Either ways, the Pakistani Christians in Europe quickly lost their romanticism, and then got down to doing what South Asians are jolly good at — working hard, outpacing rivals, and succeeding in the best of their warrior traditions. Denied access to opportunities in their homeland, they found themselves in a society that just let them get on with it. If they wanted to work longer hours, save, and send their children to the schools that offered them a better opportunity, so be it.
Following September 11, and the July 7, 2005 bombings in the UK, the identity of Pakistani Christians, subsumed within Asians of other faiths and agenda, is viewed with as much suspicion as other brown skins.
So that is why, ensconced in their unique mental space, the Pakistani Christian Christmas menu remains largely unchanged. Even a turkey is properly spiced up, pulao or biryani are a must and ladoos and gulab jamuns compete for table space with mince pies or French bûches.
There is, of course, a tree and there are wrapped up gifts but Pakistani Christians wish each other Happiness rather than Merriment!
“In 2008 the Macedonian Institute for Strategic Researches organized a visit by Hunza Prince Ghazanfar Ali Khan and Princess Rani Atiqa as descendants of the Alexandran army.”
The Kalash have been claimed as Illyrian by Albanians, Slavs by Russians, Alpine shepherds by Italians, Alexander’s children by Athenians and Englishmen by the likes of Rudyard Kipling. Some Pakistani anthropologists, rushing in where angels fear to tread, have proclaimed them as Aryans! That is tricky terrain, especially for South Asians, since Aryan is a Sanskrit word that refers to behavior and deportment and not ethnicity, but more later in my article on the Aryan Invasion Theory (AIT). Surprisingly, the Alexander connection leads to Athens rather than Macedonia, allowing an overlap of jus soli and jus sanguinis, challenging legal minds. Nobody has paused to wonder if the Kalash could fulfill an Indian agenda or at least dangle from a Christmas tree.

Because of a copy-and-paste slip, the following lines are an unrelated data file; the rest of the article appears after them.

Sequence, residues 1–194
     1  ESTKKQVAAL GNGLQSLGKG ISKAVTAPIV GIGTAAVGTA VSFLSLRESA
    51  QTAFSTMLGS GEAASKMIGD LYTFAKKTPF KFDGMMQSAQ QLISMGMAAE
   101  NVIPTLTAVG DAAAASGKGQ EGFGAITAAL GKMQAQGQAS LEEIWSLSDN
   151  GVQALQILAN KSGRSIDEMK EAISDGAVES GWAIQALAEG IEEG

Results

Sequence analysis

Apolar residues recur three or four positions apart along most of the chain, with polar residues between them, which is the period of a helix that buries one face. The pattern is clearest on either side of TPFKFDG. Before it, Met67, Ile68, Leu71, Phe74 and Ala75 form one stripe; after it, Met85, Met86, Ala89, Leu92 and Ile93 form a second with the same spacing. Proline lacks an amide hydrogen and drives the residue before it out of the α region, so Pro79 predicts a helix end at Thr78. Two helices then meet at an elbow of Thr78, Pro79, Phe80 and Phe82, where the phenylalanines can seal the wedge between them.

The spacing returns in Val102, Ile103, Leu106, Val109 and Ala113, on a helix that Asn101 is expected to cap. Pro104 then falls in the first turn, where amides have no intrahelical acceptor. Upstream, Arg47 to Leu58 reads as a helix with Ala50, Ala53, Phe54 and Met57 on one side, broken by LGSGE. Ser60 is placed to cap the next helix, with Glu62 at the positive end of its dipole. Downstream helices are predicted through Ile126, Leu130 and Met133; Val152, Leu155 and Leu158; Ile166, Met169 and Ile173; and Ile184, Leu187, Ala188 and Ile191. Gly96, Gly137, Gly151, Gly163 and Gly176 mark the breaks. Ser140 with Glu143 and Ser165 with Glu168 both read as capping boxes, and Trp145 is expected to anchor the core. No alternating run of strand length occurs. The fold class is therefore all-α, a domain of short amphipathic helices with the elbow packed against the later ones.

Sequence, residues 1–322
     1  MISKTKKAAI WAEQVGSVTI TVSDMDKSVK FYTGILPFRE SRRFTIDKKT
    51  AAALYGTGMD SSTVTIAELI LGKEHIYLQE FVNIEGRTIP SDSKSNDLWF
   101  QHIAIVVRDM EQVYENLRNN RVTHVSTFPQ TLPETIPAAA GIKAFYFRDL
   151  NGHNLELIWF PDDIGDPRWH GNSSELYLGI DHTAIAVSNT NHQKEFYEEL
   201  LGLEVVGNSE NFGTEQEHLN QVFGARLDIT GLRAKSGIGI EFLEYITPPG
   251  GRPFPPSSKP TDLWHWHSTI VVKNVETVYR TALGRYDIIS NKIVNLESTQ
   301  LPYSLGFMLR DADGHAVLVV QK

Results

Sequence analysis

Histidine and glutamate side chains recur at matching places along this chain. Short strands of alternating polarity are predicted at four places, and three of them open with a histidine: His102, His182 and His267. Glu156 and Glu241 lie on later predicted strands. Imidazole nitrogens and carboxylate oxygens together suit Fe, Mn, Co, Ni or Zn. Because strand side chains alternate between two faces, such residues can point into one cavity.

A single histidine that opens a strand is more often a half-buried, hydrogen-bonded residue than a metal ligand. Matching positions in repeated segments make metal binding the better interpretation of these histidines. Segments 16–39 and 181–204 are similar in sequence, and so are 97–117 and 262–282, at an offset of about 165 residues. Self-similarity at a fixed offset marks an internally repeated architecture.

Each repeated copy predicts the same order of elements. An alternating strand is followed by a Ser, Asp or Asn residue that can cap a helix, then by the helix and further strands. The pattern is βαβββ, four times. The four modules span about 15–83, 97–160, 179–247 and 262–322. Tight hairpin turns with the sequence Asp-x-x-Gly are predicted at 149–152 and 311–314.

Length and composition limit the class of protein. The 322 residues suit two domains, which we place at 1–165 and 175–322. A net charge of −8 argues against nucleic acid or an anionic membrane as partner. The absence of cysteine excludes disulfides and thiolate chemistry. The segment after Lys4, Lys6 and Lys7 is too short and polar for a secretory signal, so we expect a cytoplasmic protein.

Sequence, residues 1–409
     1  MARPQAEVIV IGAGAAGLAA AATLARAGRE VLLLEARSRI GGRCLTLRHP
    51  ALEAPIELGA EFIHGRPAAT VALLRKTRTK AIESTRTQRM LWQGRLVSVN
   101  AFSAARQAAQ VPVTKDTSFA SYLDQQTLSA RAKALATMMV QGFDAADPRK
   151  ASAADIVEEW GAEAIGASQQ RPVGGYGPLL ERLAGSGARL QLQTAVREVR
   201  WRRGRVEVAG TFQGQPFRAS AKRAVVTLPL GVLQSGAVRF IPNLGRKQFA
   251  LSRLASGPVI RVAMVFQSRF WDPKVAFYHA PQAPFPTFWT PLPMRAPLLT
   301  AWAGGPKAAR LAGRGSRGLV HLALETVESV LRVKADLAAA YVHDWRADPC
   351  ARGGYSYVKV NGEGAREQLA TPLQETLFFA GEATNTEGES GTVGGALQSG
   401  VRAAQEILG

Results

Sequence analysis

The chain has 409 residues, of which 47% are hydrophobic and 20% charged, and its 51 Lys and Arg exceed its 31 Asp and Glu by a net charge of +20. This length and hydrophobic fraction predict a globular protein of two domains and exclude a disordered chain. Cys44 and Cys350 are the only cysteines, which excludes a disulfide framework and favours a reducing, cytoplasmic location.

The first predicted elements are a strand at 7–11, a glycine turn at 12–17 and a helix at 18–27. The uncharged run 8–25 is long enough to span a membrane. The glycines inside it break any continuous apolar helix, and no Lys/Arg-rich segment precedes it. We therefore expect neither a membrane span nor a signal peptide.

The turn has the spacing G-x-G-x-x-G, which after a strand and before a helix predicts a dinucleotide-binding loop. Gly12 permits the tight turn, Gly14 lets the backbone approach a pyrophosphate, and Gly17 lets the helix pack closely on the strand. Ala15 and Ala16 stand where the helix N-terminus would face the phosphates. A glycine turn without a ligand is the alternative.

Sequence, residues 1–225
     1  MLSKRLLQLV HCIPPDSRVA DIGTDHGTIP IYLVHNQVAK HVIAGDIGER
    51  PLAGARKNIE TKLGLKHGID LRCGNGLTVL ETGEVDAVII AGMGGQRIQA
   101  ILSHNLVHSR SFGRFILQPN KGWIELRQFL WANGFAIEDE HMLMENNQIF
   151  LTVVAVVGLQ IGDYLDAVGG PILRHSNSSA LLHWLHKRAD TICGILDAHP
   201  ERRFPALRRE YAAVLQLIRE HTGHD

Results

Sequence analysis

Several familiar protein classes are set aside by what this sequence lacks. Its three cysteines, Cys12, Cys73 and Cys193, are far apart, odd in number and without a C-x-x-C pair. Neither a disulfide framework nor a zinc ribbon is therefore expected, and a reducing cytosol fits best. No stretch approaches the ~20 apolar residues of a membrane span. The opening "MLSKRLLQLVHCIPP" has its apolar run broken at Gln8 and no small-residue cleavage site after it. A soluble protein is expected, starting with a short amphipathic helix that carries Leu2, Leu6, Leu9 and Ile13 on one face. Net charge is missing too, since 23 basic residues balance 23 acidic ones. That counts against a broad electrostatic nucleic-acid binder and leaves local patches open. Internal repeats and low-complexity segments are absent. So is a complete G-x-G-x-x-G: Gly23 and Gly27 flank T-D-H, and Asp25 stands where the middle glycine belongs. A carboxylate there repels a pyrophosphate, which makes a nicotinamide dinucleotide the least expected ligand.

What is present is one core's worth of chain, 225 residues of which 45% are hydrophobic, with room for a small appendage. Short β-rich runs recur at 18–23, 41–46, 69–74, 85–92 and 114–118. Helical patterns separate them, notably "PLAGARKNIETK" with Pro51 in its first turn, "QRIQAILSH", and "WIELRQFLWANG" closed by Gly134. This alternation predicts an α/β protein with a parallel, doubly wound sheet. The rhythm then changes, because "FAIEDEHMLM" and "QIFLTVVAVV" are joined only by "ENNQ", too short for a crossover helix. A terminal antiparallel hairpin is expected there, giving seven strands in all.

By far, the Greek Origin Theory (GOT) is the most popular.
The premise of the GOT is based on:
- Belief system and Customs: drinking alcohol, dancing, open wooden coffins, sitting on chairs.
- Fragments from historians’ collection of hearsay and suppositions.
Let’s take a look at these five premises point by point
- Appearance. If all fair skinned and light-eyed Indians must have come from Eurasia, then all swarthy Europeans must have gone from India. Since Alexander was a Macedonian and not a Greek, and the hard-core of his army Macedonian, and since only 10% Macedonians are blond and light-eyed, this is reduced to a 10% probability. Alexander did employ Greeks, but there too, the blond hair and light eyes are a one-fifth minority. Many Greeks are swarthy enough to be North Indian or Mediterranean. Arachosians, Bactrians, Parapamisadae, Sogdians Scythian and Indians also constituted a large part of Alexander’s army. Why only the blond and blue-eyed soldiers would have deserted is a mystery. Nordic peoples are known for their ferocity and loyalty evidenced in their tradition of the Comitatus: when their chief fell in battle, his inner war-band did not get demoralized but fought ferociously to the bitter end. The chances of such people deserting are very low.